#18. Xander Bogaerts

2015 salary: $543,000
2015 WAR: 4.6
Cost per WAR: $118,043

Xander Bogaerts had an interesting start to his career. After making his big league debut in 2013 and appearing in just 18 regular season games, Bogaerts emerged as Boston’s starting third baseman during the postseason and hit .296/.412/.481 in 12 games as the Red Sox won the World Series. That led to massive expectations heading into the 2014 season, but the then-21-year-old struggled mightily as he adjusted to being an everyday player.

Things finally clicked for Bogaerts in 2015, as he hit .320/.355/.421 while playing 156 games at shortstop. He was the seventh-best defensive shortstop in the game last year, according to Fangraphs, and gives the Red Sox long-term stability at a premier defensive position, as Bogaerts doesn’t hit free agency until 2020.

#17. Gerrit Cole

2015 salary: $531,000
2015 WAR: 4.5
Cost per WAR: $118,000

After a promising first two seasons in the bigs, Gerrit Cole enjoyed a breakthrough 2015 campaign. The former No. 1 overall pick finished fourth in the NL Cy Young Award voting and made his first All-Star team. Cole will be arbitration-eligible in 2017, at which point his price tag will start to climb dramatically, but the Buccos will still be able to enjoy elite ace-level production for a fraction of the price in 2016.

#16. Matt Duffy

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2015 salary: $509,000
2015 WAR: 4.9
Cost per WAR: $103,878

After being taken in the 18th round of the 2012 draft, Matt Duffy turned in three solid yet unspectacular minor league seasons. He played three infield positions and had a very good slash line of .304/.387/.413, but had little to no power (13 home runs in 248 games) and a slight frame, with a listed height-weight combo of 6-foot-2, 170 pounds.

Following a brief 34-game stint with the big league club in 2014, Duffy came out of nowhere to seize the starting third base job in 2015, playing in 149 games and hitting .295/.334/.428. His .336 batting average on balls in play is probably unsustainable, and he could improve upon his 4.9 percent walk rate. But Duffy played good defense last season, and his percentage of hard-hit balls suggests that he has some untapped power potential in his future.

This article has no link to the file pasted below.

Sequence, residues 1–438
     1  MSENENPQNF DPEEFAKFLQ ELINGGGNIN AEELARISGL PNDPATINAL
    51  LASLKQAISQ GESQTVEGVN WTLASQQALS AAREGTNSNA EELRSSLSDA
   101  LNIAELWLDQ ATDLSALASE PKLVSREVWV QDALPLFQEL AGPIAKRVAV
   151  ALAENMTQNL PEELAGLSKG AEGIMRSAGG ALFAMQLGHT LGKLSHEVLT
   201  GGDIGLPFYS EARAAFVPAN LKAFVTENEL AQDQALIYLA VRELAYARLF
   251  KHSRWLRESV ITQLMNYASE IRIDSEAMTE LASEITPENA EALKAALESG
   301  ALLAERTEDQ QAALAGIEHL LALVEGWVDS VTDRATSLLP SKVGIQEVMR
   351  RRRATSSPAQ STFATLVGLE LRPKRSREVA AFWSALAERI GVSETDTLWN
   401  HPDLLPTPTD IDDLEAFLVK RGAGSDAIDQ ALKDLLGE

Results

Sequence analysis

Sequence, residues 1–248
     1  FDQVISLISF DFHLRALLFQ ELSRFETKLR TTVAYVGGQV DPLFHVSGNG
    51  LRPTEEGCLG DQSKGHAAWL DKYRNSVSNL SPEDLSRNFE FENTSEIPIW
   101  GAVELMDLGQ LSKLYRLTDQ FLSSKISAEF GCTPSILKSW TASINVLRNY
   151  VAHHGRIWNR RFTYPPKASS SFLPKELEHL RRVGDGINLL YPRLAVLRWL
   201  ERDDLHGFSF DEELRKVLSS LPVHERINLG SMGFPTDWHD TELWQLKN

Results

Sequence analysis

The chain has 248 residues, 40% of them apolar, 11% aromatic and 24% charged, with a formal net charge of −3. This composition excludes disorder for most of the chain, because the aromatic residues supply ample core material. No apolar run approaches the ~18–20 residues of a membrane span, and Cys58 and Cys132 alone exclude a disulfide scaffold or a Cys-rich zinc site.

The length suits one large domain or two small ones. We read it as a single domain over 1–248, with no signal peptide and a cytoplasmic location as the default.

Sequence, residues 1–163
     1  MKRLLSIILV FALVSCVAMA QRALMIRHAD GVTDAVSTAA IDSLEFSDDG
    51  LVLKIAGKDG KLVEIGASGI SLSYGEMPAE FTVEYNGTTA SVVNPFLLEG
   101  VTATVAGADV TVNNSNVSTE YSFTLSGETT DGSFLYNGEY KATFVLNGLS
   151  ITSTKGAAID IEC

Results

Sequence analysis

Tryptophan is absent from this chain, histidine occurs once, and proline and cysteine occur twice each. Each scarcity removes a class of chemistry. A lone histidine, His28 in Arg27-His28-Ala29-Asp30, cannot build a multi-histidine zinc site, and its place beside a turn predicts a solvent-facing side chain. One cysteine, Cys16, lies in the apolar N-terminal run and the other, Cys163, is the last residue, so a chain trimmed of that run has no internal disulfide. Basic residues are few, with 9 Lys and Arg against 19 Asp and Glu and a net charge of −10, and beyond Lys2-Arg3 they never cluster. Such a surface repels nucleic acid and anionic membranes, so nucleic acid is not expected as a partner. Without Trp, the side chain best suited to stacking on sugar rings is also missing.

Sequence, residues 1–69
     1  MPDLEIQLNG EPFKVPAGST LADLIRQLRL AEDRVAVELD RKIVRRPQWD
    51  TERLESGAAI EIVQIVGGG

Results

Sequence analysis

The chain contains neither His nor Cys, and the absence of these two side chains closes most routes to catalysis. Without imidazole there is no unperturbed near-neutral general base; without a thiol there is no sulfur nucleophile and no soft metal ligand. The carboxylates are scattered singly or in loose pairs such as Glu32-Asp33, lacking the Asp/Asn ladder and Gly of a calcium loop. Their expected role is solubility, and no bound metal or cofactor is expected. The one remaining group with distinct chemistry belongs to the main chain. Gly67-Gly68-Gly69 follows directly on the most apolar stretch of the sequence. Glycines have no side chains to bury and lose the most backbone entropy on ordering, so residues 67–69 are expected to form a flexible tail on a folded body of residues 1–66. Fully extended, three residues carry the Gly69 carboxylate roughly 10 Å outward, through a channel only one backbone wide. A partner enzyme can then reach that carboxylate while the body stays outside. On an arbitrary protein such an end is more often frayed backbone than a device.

#15. Kevin Pillar

2015 salary: $512,000
2015 WAR: 5.2
Cost per WAR: $98,462

With an OPS+ of 96 in 2015, Kevin Pillar was slightly below average at the plate. Much of his value lies in his glove, as he was among the league’s best defensive outfielders. Pillar made plenty of phenomenal plays last season and should continue to show up on the highlight reel in 2016.

#14. Ender Inciarte

2015 salary: $513,000
2015 WAR: 5.3
Cost per WAR: $96,792

Signed at age 16 as an international free agent in 2008, Ender Inciarte broke into the Majors in 2014. He posted a 3.7-WAR season in 118 games and finished fifth in the NL Rookie of the Year voting. After he built upon his performance as a sophomore in 2015, the Diamondbacks promptly traded him to the Braves as part of a motherlode haul for Shelby Miller, giving Atlanta a cheap, productive center fielder who won’t hit free agency until 2020.

#13. Michael Conforto

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2015 salary: $202,445
2015 WAR: 2.1
Cost per WAR: $96,402

The Mets picked Michael Conforto with the 10th pick in the 2014 draft, then watched as he hit .308/.382/.471 across three levels in two minor league seasons. He made his Major League debut on July 24 and became the everyday left fielder, helping the team reach the World Series. A full season of Conforto in the middle of the lineup should help the Mets score more runs to support their strong pitching rotation.

#12. John Lackey

2015 salary: $507,500
2015 WAR: 5.7
Cost per WAR: $89,035

After making just over half a million dollars in 2015, John Lackey signed a two-year, $32 million contract with the Cubs in December, so he clearly no longer qualifies as being underpaid. He appears on this list as the result of a stipulation in his previous contract that mandated he play for the league minimum in 2015 if he missed significant time because of a pre-existing elbow injury. Lackey missed the entire 2012 season after undergoing Tommy John surgery, which activated that clause.

Still, the Cardinals enjoyed a strong bounce-back campaign from the veteran last season, who posted his highest single-season WAR since 2007 and topped 200 innings pitched for the first time since 2010.

#11. Sonny Gray

2015 salary: $512,500
2015 WAR: 5.8
Cost per WAR: $88,362

The A’s suffered through a miserable 2015 season, but Sonny Gray served as one of the few bright spots. In his third season in the big leagues, Gray made his first All-Star team and finished third in the AL Cy Young voting. The 27-year-old will be eligible for arbitration in 2017 and won’t be cheap much longer. If Oakland’s struggles persist, Gray might emerge as an extremely enticing trade piece.

#10. Nolan Arenado

2015 salary: $512,500
2015 WAR: 5.8
Cost per WAR: $88,362

Playing in Colorado brings a certain level of anonymity to a player, but the Rockies appear to have a budding star in Nolan Arenado. In three big league seasons, Arenado has amassed 13.6 WAR and won three Gold Glove Awards. Last season, he made his first All-Star team, won the Silver Slugger Award and finished eighth in NL MVP voting, leading the NL with 42 home runs and 130 RBI.

Arenado has made jaw-dropping plays his entire career, like this one from his rookie season. His bat finally came around in 2015, and even though he won’t hit free agency until 2020, he should be due for a big payday much sooner than that.

#9. Mookie Betts

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2015 salary: $514,500
2015 WAR: 6.0
Cost per WAR: $85,750

In 52 games during the 2014 season, Mookie Betts flashed star potential. The 5-foot-9 speedster flashed legit power potential in the minors as well as good plate discipline, drawing more walks (174) than strikeouts (137) in his minor league career.